Learning detector of malicious network traffic from weak labels

Abstract. We address the problem of learning a detector of malicious
behavior in network traffic. The malicious behavior is detected based on
the analysis of network proxy logs that capture malware communication
between client and server computers. The conceptual problem in using
the standard supervised learning methods is the lack of sufficiently representative
training set containing examples of malicious and legitimate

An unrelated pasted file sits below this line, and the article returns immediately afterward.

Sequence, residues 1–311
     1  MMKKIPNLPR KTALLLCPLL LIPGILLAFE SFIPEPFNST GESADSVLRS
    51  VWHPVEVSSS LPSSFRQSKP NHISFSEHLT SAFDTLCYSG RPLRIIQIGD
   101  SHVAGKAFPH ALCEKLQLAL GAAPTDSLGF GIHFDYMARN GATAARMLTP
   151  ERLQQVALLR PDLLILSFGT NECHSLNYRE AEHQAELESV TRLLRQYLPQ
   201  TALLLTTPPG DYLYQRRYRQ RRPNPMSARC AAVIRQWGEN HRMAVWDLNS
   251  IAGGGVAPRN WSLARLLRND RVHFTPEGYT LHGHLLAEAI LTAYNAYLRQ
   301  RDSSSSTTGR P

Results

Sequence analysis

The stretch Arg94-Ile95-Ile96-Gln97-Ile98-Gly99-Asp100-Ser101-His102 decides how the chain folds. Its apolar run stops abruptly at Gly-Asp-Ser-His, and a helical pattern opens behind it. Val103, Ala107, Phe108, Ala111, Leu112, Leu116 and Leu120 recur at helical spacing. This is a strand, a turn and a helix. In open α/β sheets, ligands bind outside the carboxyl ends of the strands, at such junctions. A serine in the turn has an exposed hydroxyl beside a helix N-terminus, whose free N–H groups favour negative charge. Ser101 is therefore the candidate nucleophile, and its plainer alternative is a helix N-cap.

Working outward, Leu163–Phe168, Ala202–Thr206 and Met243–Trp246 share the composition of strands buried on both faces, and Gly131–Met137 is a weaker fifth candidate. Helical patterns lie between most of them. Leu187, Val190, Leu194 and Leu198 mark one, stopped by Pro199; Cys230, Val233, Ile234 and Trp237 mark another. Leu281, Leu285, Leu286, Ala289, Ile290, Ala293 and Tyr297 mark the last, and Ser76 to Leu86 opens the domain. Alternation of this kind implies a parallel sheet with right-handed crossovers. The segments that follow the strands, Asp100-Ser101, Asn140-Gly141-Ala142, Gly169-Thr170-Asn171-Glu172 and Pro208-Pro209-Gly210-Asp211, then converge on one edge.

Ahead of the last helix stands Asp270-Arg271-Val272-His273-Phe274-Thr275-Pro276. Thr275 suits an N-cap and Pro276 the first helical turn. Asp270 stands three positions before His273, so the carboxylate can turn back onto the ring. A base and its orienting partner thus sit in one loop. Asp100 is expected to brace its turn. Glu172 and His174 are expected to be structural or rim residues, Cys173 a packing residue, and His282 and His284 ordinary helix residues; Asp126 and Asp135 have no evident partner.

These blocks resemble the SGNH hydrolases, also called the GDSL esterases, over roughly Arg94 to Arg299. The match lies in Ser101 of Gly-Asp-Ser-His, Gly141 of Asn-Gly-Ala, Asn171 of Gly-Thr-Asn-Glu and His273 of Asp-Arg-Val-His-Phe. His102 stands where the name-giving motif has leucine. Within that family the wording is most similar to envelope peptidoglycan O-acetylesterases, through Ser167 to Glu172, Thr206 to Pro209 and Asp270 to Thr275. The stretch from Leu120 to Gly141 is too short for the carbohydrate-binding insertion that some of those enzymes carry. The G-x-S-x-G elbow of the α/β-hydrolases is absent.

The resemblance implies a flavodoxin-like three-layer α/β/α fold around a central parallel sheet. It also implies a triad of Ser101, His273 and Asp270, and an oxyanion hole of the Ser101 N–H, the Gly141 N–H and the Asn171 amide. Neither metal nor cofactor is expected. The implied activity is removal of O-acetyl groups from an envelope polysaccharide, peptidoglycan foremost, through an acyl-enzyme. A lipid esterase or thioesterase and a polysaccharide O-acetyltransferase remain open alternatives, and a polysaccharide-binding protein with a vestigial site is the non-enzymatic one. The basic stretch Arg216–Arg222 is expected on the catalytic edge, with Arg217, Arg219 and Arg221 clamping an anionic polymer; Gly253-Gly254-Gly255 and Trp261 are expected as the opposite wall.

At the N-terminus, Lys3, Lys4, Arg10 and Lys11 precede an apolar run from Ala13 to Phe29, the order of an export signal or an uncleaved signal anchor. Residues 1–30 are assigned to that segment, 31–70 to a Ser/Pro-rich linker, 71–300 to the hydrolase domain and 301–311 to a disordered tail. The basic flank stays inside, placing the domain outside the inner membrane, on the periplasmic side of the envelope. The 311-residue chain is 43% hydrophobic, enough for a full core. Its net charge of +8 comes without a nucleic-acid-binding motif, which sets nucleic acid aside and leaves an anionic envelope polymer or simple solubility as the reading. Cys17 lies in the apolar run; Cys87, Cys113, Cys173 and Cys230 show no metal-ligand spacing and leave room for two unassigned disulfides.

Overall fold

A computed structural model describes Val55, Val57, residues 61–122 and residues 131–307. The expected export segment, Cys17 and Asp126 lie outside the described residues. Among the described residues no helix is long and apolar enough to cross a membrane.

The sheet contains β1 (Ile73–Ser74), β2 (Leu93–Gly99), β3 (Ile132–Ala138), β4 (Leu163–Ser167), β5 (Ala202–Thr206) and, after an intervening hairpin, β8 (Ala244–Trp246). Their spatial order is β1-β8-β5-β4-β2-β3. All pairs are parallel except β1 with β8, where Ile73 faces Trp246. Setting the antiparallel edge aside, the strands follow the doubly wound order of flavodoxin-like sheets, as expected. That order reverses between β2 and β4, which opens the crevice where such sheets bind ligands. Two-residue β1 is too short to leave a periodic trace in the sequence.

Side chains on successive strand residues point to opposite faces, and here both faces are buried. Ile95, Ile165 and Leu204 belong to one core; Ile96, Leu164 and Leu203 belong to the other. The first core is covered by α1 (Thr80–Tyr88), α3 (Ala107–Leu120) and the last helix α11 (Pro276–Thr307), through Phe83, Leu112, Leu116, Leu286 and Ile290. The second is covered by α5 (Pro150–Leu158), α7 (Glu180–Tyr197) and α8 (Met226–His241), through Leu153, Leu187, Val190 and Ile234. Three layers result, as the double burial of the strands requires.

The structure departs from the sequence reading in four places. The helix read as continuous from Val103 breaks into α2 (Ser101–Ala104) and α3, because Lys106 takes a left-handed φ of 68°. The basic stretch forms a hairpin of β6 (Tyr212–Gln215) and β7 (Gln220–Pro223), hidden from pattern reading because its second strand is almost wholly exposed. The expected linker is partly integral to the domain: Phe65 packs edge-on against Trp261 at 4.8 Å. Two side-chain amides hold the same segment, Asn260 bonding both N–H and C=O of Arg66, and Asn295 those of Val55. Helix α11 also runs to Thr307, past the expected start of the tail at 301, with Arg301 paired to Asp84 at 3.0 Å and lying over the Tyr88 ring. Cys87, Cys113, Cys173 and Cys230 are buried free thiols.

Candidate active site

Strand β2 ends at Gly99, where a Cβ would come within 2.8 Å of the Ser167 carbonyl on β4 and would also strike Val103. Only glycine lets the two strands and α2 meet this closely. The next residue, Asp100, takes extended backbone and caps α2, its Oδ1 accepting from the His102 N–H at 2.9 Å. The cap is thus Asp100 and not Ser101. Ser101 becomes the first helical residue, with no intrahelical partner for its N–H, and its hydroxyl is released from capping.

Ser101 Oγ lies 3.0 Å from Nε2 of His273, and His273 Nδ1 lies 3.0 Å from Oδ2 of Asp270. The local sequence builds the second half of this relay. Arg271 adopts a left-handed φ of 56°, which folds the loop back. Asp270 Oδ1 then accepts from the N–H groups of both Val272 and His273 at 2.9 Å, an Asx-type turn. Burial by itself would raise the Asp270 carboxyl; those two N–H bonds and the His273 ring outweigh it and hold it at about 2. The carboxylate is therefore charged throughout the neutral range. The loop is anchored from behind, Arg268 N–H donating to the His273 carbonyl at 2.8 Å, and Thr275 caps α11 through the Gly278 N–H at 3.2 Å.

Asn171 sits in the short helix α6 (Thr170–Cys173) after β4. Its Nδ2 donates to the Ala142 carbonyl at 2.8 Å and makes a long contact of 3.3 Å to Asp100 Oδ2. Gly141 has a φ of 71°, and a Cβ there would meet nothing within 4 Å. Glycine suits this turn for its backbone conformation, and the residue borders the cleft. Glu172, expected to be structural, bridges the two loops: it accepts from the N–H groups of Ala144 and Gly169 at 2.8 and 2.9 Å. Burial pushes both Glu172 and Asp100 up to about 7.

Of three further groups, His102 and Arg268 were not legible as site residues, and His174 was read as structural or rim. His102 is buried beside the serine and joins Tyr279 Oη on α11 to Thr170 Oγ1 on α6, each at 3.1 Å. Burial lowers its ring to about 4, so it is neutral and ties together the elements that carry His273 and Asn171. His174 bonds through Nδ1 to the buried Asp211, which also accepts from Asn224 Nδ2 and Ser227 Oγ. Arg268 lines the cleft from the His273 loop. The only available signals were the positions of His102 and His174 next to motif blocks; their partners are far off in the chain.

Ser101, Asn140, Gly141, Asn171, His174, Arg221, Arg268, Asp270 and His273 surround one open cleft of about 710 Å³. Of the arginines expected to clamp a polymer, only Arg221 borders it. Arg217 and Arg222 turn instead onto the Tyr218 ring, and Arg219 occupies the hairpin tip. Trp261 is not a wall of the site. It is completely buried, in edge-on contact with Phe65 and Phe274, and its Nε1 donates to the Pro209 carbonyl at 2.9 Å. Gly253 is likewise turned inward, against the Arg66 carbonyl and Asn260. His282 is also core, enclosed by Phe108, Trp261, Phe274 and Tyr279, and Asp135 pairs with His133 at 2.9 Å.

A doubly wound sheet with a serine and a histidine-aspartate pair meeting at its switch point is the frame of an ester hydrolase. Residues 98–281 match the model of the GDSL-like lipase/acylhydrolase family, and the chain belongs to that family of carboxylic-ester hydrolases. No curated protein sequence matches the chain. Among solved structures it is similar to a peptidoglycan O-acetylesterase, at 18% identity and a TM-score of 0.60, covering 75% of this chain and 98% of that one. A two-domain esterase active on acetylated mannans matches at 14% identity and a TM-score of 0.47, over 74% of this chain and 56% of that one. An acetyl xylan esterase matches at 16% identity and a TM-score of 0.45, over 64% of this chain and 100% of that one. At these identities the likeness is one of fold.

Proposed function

communication. Annotation of individual proxy logs is an expensive process
involving security experts and does not scale with constantly evolving
malware. However, weak supervision can be achieved on the level of
properly defined bags of proxy logs by leveraging internet domain black
lists, security reports, and sandboxing analysis. We demonstrate that
an accurate detector can be obtained from the collected security intelligence
data by using a Multiple Instance Learning algorithm tailored
to the Neyman-Pearson problem. We provide a thorough experimental
evaluation on a large corpus of network communications collected from
various company network environments.

Source: http://cmp.felk.cvut.cz/ftp/articles/franc/Franc-Malware-ECML2015.pdf

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